Australian studies conducted since the 1990s found a significant link between scheduling pressures, unpaid waiting time, insecure rewards and access to work, and hazardous practices such as speeding, excessive hours and drug use by drivers. The researchers found that those on trip-based payment schemes (typical for owner drivers but also increasing amongst employee drivers) drove on average 15km per hour faster than those on fixed rate payments (like hourly wages).
A 2001 study found drivers who were paid in terms of the amount of work they did reported fatigue more often than drivers who were paid in terms of the time they were working (for example, hourly rates).
An Australian study published in the American Journal of Epidemiology in 2007 analysed drug use by drivers in both surveys and concluded that:
the strongest predictors of drug use were payment based on the amount of work completed and fatigue reported as a major problem … The strong association of payment by results and low pay with drug use among Australian long-distance truck drivers is consistent with other research suggesting that economic factors are an important influence on health and safety in the workplace.
An Australian survey of 300 long haul drivers found owner-drivers experienced significantly worse health scores than employee drivers, especially when employed on the most competitive route (Melbourne – Sydney).
Owner-drivers and drivers working for small firms reported more injuries than those employed by larger firms and owner-drivers had a slightly higher crash rate.
Another survey of Australian heavy vehicle drivers published in 2014 found:
piece-rate compensation methods were associated with higher levels of fatigue-related driving than non-piece-rate methods. Follow-up analysis also revealed higher caffeine and amphetamines use among piece-rate drivers for the purpose of staying awake while driving.
In that study, the authors found no association between compensation methods and sleepiness.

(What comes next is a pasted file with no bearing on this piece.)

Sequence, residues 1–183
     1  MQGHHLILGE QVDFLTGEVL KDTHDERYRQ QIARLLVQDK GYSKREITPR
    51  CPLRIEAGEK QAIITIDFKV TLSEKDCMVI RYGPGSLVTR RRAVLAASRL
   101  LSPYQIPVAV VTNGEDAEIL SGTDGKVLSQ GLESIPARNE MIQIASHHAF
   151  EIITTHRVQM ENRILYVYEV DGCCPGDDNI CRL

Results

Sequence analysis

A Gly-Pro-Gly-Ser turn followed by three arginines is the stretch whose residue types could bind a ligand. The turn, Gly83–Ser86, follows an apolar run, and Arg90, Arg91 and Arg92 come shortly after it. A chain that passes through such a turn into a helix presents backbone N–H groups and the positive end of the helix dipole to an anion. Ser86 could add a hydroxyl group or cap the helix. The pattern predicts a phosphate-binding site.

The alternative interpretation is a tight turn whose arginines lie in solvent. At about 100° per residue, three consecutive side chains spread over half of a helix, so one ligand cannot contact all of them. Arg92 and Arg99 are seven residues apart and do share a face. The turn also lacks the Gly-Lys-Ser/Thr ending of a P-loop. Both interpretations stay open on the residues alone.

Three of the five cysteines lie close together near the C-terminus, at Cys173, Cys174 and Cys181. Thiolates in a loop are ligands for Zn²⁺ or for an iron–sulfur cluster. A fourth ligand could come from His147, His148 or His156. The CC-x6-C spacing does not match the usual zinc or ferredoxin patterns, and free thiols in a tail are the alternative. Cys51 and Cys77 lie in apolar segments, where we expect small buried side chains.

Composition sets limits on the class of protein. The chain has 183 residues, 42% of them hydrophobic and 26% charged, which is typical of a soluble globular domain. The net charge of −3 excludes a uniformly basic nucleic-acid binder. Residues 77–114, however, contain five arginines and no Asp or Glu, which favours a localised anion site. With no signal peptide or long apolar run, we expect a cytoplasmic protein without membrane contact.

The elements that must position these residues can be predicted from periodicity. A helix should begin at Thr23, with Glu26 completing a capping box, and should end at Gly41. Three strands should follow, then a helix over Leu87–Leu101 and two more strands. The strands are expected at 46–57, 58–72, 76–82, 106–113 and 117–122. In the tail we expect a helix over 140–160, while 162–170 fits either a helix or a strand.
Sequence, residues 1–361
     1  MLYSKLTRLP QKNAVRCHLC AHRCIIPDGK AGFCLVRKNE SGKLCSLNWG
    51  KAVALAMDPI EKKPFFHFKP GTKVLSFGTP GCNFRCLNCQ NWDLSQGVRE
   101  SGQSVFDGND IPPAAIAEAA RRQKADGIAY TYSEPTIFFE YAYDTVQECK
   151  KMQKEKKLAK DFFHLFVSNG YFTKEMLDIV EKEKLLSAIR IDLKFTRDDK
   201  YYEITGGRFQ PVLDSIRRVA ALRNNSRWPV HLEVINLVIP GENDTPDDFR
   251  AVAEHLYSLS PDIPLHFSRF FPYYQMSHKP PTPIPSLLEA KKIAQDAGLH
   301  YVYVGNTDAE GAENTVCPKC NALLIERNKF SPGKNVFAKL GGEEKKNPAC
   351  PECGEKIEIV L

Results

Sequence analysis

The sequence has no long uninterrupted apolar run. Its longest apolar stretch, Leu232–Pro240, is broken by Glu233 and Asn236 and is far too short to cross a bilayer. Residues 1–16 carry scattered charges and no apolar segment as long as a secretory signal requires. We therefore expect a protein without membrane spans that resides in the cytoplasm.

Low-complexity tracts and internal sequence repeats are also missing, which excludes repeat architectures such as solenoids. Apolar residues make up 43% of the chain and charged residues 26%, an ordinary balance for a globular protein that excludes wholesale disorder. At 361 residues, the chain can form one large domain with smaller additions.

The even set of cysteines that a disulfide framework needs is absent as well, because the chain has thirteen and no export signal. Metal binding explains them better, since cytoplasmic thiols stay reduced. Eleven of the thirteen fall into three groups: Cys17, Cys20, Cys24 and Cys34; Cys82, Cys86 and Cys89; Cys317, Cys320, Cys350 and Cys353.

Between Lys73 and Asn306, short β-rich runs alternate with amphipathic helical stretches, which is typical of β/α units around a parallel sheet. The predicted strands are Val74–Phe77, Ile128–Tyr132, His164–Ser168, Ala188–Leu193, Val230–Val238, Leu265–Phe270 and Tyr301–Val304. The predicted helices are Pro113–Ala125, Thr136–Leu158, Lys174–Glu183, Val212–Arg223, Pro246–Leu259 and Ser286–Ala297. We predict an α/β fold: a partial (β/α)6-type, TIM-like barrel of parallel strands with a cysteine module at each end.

What do US studies say?
A US paper published in 2002 found that driver pay has a strong effect on safety outcomes.
Similarly, a large survey of long haul truck drivers undertaken by the National Institute for Occupational Safety and Health in the US detailed scheduling pressure on drivers, widespread unsafe driving practices, regulatory non-compliance and failure to report injuries.
Safety outcomes should not be confined to crashes, although understandably these are the focus of policy and public debate. Safety outcomes include unsafe work practices (like excessive hours, speeding, poor maintenance of trucks and use of drugs).
Most of the research has relied on cross-sectional surveys of drivers, meaning they analyse a snapshot of data from a population at a given moment in time (as opposed to longitudinal studies, which follow the same people over time). Cross-sectional surveys can have limitations.
Comparing safety outcomes between employee and owner drivers is also difficult because owner drivers are much more sensitive to market ups and downs. There has been a convergence of conditions between employee and owener-drivers, especially in the small firms (for example, many employee drivers are paid on trip-based rates now and Award non-compliance has also grown due to competitive pressures). Most truck safety studies have not examined this.
Nonetheless, the research findings are clear and consistent.
Albanese was correct. There is persuasive evidence of a connection between truck driver pay and safety. – Michael Quinlan
This is an excellent brief summary of the literature. Albanese is quite right that “safe rates” gets the public a safer outcome. The literature the expert cites is quite competent (Australians are way ahead of Americans on this) and is some of the same literature I would cite, and have cited, in my own work. I see that this expert has cited my work, which I modestly think is valid and has been peer reviewed.
Studies my team performed for the US Department of Transportation Federal Motor Carrier Administration in 2002 demonstrated that higher compensation led to significantly safer truck driver performance. For every 10% more in truck driver mileage pay rate, a very large American truckload carrier found that the probability that a driver would have a crash declined 40%.
Research shows this effect is true across carriers. A cross-sectional study of 102 non-union truckload motor carriers found that for every 10% increase in truckie compensation, carriers’ crash rates were 9.2% lower.
In sum, there is ample evidence that supports the relationship between compensation and safety in trucking and across other modes. In my own work, I see it in intercity buses. In others’ work, I see it in airlines and even in rail. – Michael H. Belzer
This article was originally published on The Conversation. Read the original article.